Welcome to my Friday! We have made it through another work week. I don't know about you, but I am definitely ready for the weekend and no appointments or meetings.
As those of you that read this blog often know, I have currently been ordered on bed rest by my doctor in order to avoid going into the hospital. So personally I am not doing much more than staying close to home and spending time with my four legged children. Luckily, I am not having cabin fever yet, mainly because I have very little energy and wear out very quickly right now.
The big news today, in fact the whole week, is the New York Stock Exchange and the price of crude oil. It's somewhat difficult to know where to begin to describe the market action this week, because the market itself was literally all over the map. Once again, the financial sector and oil prices were the primary swing factors. Government sponsored enterprises Fannie Mae (FNM) and Freddie Mac (FRE) were the main source of volatility for the market, as speculation ran rampant that they were destined for a government bailout despite repeated assurances from government officials and their regulator that they are adequately capitalized.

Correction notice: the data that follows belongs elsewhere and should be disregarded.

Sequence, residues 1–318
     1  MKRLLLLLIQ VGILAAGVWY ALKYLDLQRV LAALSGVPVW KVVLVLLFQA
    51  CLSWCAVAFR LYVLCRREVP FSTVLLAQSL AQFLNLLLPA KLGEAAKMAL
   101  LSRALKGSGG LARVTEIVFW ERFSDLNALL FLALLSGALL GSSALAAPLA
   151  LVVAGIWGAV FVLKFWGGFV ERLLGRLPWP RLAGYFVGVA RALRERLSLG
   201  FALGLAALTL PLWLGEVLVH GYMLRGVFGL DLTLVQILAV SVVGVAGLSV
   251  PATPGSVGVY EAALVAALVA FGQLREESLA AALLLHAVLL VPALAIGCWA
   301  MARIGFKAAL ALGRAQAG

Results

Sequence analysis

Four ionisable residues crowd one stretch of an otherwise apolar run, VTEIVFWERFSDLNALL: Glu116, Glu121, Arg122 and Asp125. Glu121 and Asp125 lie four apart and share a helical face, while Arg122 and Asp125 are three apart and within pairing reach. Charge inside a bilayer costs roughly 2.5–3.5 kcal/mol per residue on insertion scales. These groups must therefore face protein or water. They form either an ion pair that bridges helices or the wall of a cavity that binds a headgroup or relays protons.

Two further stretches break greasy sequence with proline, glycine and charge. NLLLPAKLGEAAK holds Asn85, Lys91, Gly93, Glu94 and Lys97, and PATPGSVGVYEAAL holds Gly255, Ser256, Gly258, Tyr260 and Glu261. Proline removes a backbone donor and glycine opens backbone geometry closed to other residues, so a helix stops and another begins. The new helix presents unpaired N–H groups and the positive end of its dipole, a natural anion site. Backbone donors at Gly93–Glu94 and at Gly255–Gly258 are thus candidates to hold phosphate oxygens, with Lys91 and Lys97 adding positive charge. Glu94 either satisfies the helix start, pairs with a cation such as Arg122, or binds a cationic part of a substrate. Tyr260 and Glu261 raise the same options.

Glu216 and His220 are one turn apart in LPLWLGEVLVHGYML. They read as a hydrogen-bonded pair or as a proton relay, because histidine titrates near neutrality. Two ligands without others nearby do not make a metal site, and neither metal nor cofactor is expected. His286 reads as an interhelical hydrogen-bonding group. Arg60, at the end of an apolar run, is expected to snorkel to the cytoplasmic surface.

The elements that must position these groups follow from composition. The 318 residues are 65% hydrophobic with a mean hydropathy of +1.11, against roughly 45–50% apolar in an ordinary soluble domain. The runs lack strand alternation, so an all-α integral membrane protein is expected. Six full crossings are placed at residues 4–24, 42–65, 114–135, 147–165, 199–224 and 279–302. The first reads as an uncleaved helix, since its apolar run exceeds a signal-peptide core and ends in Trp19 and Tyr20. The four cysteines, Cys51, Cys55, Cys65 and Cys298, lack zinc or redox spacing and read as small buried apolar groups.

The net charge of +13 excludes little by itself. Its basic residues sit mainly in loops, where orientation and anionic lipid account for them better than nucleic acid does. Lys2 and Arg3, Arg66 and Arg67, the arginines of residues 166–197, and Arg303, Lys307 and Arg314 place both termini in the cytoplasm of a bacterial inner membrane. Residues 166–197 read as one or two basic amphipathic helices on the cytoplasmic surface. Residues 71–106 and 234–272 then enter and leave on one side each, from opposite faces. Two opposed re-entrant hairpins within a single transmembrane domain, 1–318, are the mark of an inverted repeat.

The concerns hit a crescendo Friday when The New York Times ran a piece indicating the executive branch has been discussing a plan for the government to take over either one or both of them if conditions worsened. The supposition was that they would be placed in conservatorship, which would ultimately leave their stocks worth little or nothing. At their lows for the week, shares of Fannie Mae and Freddie Mac were down 64% and 73%, respectively, from their closing prices at the end of last week! Late in Friday's session said the Fed chairman told the GSEs they would be eligible to borrow from the Fed's discount window helped the stocks, and the broader market, make up a good bit of the considerable ground lost Friday. A full-fledged recovery was soon beaten back by a subsequent report that said the Fed declined comment on whether the discount window was open.